European Journal of Applied Physiology

, Volume 115, Issue 11, pp 2395–2405 | Cite as

Runners maintain locomotor–respiratory coupling following isocapnic voluntary hyperpnea to task failure

  • Abigail S. L. StickfordEmail author
  • Jonathon L. Stickford
  • David A. Tanner
  • Joel M. Stager
  • Robert F. Chapman
Original Article



Evidence has long suggested that mammalian ventilatory and locomotor rhythms are linked, yet determinants and implications of locomotor–respiratory coupling (LRC) continue to be investigated. Anecdotally, respiratory muscle fatigue seen at the end of heavy exercise may result in an uncoupling of movement–ventilation rhythms; however, there is no scientific evidence to substantiate this claim.


We sought to determine whether or not fatigue of the respiratory muscles alters locomotor–respiratory coupling patterns typically observed in highly trained individuals while running. A related query was to examine the relationship between the potential changes in LRC and measures of running economy.


Twelve male distance runners ran at four submaximal workloads (68–89 % \({\dot{V}}\)O2peak) on two separate days while LRC was quantified. One LRC trial served as a control (CON), while the other was performed following an isocapnic voluntary hyperpnea to task failure to induce respiratory muscle fatigue (FT+). LRC was assessed as stride-to-breathing frequency ratios (SF/fB) and degree of LRC (percentage of breaths occurring during the same decile of the step cycle).


Hyperpnea resulted in significant declines in maximal voluntary inspiratory (MIP) and expiratory (MEP) mouth pressures (ΔMIP = −10 ± 12 cm H2O; ΔMEP = −6 ± 9 cm H2O). There were no differences in minute ventilation between CON and FT+ (CON, all speeds pooled = 104 ± 25 L min−1; FT+ pooled = 106 ± 23 L min−1). Stride frequency was not different between trials; however, breathing frequency was significantly greater during FT+ compared to CON at all speeds (CON pooled = 47 ± 10 br min−1; FT+ pooled = 52 ± 9 br min−1), resulting in smaller corresponding SF/fB. Yet, the degree of LRC was the same during CON and FT+ (CON pooled = 63 ± 15 %; FT+ pooled = 64 ± 18 %).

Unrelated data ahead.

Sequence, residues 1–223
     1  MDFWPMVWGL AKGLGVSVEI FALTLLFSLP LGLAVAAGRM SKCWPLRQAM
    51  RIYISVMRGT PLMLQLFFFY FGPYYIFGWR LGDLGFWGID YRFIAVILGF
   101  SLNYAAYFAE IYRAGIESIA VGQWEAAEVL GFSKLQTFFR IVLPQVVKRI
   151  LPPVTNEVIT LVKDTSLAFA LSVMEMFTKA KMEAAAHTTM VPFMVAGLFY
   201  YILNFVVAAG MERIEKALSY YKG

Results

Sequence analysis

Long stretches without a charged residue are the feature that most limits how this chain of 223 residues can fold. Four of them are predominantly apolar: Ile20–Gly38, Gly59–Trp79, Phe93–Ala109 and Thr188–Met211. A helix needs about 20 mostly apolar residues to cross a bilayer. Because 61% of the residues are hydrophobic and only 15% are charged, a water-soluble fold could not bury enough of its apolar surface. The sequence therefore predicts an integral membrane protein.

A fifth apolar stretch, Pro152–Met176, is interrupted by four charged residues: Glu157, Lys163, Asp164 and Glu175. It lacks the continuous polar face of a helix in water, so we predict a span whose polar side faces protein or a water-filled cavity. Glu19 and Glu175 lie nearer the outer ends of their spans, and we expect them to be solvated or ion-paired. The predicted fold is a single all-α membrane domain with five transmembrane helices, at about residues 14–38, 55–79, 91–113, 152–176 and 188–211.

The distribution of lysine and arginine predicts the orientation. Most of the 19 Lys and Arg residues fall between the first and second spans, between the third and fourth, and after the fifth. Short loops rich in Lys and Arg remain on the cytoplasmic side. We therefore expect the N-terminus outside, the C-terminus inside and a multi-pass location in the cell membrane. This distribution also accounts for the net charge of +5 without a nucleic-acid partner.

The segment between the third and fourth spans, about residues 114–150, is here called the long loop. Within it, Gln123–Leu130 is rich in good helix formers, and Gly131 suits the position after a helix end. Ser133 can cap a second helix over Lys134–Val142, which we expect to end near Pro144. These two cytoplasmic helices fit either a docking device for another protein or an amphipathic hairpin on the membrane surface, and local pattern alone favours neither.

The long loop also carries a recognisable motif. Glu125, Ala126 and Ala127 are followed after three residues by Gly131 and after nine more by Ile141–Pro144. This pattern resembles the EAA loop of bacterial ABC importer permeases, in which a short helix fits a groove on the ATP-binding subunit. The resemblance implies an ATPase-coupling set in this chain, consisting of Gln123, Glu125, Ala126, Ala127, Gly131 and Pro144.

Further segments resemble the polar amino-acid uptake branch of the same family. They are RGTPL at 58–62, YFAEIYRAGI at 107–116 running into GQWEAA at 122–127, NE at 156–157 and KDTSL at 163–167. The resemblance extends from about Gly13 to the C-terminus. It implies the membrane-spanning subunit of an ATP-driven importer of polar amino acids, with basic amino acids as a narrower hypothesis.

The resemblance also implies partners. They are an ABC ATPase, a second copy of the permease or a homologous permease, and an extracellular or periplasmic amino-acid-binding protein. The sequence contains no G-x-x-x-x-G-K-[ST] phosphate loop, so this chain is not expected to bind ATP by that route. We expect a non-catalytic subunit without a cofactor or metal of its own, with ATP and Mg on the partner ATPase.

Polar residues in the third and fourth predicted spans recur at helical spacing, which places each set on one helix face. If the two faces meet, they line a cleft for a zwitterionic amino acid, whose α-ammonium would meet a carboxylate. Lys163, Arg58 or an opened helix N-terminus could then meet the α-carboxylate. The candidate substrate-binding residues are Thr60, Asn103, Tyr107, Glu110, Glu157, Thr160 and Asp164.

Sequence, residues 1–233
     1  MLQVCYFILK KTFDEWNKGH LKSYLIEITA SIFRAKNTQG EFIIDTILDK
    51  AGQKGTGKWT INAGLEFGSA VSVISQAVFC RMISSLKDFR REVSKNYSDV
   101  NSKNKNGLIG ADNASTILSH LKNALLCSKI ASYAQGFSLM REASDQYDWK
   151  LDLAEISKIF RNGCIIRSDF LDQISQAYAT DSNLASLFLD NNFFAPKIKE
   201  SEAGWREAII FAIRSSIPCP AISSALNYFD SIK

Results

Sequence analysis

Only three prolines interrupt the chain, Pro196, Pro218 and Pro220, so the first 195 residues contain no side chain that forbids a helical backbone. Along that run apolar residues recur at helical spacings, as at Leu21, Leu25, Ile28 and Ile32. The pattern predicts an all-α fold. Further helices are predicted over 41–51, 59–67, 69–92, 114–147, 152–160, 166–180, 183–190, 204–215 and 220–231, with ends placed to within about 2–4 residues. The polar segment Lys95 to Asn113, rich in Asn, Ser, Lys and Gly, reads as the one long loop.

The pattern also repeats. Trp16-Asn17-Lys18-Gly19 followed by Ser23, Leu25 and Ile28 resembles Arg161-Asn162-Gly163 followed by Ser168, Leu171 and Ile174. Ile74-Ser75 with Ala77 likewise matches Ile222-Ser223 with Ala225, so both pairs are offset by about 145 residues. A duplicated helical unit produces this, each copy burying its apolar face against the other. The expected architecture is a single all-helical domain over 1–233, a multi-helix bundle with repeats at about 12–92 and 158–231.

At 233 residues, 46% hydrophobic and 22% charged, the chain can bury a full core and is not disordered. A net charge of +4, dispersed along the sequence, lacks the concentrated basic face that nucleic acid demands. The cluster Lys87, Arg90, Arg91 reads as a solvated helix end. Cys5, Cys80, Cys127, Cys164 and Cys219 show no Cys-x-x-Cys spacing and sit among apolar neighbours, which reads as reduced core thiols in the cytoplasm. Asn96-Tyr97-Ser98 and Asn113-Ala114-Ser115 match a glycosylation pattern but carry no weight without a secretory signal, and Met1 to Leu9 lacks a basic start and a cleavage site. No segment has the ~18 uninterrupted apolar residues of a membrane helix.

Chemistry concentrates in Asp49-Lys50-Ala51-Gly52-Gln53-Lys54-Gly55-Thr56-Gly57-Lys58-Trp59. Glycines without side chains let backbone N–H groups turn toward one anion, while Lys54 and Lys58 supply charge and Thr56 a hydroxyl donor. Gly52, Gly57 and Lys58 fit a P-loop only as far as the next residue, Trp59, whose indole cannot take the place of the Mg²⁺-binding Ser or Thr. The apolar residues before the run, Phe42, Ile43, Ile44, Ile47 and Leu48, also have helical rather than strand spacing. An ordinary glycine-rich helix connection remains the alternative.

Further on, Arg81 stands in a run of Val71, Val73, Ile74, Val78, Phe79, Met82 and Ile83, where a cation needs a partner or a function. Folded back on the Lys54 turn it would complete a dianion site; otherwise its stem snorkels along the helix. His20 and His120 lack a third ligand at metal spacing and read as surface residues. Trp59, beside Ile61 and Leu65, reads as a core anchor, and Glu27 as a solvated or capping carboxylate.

The results indicate that trained runners are able to continue entraining breath and step cycles, despite marked changes in exercise breathing frequency, after a fatiguing hyperpnea challenge.


Entrainment Running economy Endurance athletes Respiratory muscle fatigue Stride frequency 



Body temperature and pressure, saturated


Rating of perceived dyspnea


Breathing frequency


Fraction of expired carbon dioxide


Fraction of expired oxygen


Forced expiratory volume in one second


Forced vital capacity


Isocapnic voluntary hyperpnea


Locomotor–respiratory coupling


Maximal volitional expiratory mouth pressure


Maximal volitional inspiratory mouth pressure


Maximal voluntary ventilation


Running economy


Respiratory muscle fatigue


Rating of perceived exertion


Revolutions per minute


Step frequency


Standard temperature and pressure, dry


Volume of expired carbon dioxide


Minute ventilation


Maximal rate of oxygen consumption


Tidal volume



The authors would like to thank Drs. Bruce Martin and David Koceja for their invaluable feedback on the project. This research was supported in part by an Indiana University School of Public Health Student Research Grant and a University Graduate School Grant-in-Aid of Doctoral Research.


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Copyright information

© Springer-Verlag Berlin Heidelberg 2015

Authors and Affiliations

  • Abigail S. L. Stickford
    • 1
    Email author
  • Jonathon L. Stickford
    • 1
  • David A. Tanner
    • 1
  • Joel M. Stager
    • 1
  • Robert F. Chapman
    • 1
  1. 1.Human Performance Laboratories, Department of KinesiologyIndiana UniversityBloomingtonUSA

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